Cryptocurrency might change the way our economies work and become a new foundation for future financial systems. This is far from being a fact at this point, but the disruptive potential is definitely there. E-cash might not end up being the paradigm shift many think it to be, but that is no reason to underestimate the change.
But what does the advent of cryptocurrency and blockchain technology mean for the future of marketing? Here is what we think the marketers should keep in mind.
A large part of the of the cryptocurrency’s appeal is a promise of anonymity. As privacy concerns grow among the consumers, it is not difficult to understand why a lot of them might turn to blockchain technology in an effort to reduce their digital imprint. This means one thing – the wealth of information we currently possess on users due to the platforms like Facebook willing to sell their data might be a thing of the past.
The information about the transactions has the potential to become completely anonymous, and that is a serious blow to marketers’ ability to study purchasing habits to determine customers’ preferences. The rise of new networks like Steem or SocialX means that there’s now an alternative to the established social behemoths, and while it might take a while for the general populace to catch on to this new world, dismissing it would be unwise.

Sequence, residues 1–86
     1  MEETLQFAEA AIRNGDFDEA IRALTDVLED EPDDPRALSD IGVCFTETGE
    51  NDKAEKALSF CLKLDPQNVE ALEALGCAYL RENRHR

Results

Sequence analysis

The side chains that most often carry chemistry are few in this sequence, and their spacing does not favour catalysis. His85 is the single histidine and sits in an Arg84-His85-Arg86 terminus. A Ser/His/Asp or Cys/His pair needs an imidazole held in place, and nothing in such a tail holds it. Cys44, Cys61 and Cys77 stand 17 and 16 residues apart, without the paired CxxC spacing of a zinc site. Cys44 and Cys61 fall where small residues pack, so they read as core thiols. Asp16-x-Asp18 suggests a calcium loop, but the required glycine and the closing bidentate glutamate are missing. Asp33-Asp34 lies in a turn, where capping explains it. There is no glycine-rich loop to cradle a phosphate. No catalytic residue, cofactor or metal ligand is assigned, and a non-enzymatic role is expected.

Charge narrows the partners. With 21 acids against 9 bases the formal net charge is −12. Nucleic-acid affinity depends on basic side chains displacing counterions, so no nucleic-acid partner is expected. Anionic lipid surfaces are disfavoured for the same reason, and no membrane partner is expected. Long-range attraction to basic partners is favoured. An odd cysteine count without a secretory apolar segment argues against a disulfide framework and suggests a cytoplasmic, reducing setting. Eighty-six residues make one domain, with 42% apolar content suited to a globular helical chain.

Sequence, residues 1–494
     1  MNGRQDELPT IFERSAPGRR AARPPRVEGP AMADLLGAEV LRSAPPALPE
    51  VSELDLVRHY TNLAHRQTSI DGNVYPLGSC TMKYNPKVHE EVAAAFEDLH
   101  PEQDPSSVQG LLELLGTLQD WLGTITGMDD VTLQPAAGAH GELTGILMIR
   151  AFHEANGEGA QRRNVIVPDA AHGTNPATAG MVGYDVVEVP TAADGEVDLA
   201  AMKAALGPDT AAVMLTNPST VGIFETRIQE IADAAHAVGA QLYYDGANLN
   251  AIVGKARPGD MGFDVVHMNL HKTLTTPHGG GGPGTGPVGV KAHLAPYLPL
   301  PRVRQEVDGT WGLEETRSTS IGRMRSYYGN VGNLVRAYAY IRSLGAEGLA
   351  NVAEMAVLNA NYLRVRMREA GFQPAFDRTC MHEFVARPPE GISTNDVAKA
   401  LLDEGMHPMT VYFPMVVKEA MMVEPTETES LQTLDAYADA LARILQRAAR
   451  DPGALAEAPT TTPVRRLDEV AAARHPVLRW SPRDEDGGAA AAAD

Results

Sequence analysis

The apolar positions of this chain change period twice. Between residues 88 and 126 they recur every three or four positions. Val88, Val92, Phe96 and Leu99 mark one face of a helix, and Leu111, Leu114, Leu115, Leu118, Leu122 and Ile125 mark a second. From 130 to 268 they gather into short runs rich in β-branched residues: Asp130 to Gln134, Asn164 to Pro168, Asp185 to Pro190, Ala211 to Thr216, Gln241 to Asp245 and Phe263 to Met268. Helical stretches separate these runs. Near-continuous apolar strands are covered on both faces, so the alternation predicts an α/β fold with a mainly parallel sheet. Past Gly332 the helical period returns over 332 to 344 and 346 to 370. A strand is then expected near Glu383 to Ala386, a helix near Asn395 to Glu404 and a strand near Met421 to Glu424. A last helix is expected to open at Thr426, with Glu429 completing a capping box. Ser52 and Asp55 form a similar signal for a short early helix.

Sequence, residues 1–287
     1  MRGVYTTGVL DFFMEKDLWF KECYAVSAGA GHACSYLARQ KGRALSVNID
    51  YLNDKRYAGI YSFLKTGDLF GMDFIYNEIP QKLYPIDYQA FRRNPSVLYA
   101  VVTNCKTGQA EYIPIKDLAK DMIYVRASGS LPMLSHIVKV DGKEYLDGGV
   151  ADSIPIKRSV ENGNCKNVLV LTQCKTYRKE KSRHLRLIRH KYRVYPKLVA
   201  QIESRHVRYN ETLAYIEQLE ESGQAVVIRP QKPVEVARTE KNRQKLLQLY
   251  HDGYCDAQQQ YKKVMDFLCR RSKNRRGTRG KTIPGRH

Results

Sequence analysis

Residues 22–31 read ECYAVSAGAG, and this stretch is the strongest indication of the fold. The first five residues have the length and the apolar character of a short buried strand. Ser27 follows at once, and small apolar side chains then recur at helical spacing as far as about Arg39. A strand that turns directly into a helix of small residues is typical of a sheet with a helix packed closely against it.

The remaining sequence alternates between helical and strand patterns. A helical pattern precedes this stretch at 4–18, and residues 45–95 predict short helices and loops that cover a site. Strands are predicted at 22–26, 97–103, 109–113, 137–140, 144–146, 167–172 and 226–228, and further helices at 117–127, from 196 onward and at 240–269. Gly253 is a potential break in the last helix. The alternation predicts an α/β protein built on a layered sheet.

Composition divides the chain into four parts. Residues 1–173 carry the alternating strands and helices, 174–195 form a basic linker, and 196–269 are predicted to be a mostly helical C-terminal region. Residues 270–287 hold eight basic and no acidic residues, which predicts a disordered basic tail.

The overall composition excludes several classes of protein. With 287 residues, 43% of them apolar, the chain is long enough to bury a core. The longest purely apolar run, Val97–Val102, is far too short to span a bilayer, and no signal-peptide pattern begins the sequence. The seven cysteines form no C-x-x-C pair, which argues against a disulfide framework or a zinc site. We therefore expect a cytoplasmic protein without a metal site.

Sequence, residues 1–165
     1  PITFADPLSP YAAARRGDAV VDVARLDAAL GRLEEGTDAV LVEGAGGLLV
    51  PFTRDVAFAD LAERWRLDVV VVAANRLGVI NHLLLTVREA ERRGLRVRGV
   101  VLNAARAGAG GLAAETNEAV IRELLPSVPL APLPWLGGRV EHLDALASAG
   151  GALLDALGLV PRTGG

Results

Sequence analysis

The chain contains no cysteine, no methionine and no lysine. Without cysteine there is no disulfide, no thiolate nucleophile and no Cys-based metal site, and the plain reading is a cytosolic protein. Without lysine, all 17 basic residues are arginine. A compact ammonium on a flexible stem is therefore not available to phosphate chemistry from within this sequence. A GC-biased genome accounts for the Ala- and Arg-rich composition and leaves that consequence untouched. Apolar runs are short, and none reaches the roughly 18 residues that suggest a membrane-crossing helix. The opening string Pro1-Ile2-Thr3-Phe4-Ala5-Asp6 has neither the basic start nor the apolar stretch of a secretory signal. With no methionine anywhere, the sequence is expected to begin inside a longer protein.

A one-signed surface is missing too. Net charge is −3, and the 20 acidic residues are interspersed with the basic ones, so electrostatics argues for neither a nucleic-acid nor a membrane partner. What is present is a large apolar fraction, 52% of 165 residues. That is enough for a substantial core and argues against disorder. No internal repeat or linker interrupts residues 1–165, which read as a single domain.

This means two things:
- Marketers will need to figure out new ways to collect data about their customers and bolster their current strategies to stay afloat.
- In the decentralized future where blockchain technology has been widely adopted, marketers might need to go directly to consumers for the information they need.
Regardless of the impact of the cryptocurrencies on our current systems, we should be able to adapt to the future. It’s reasonable to assume that consumers will not wish to part with their data as easily as the platforms do now, not without a fair compensation. On the other hand – what could be a clearer indicator of interest in your brand than a consumer making a conscious decision to give up personal information?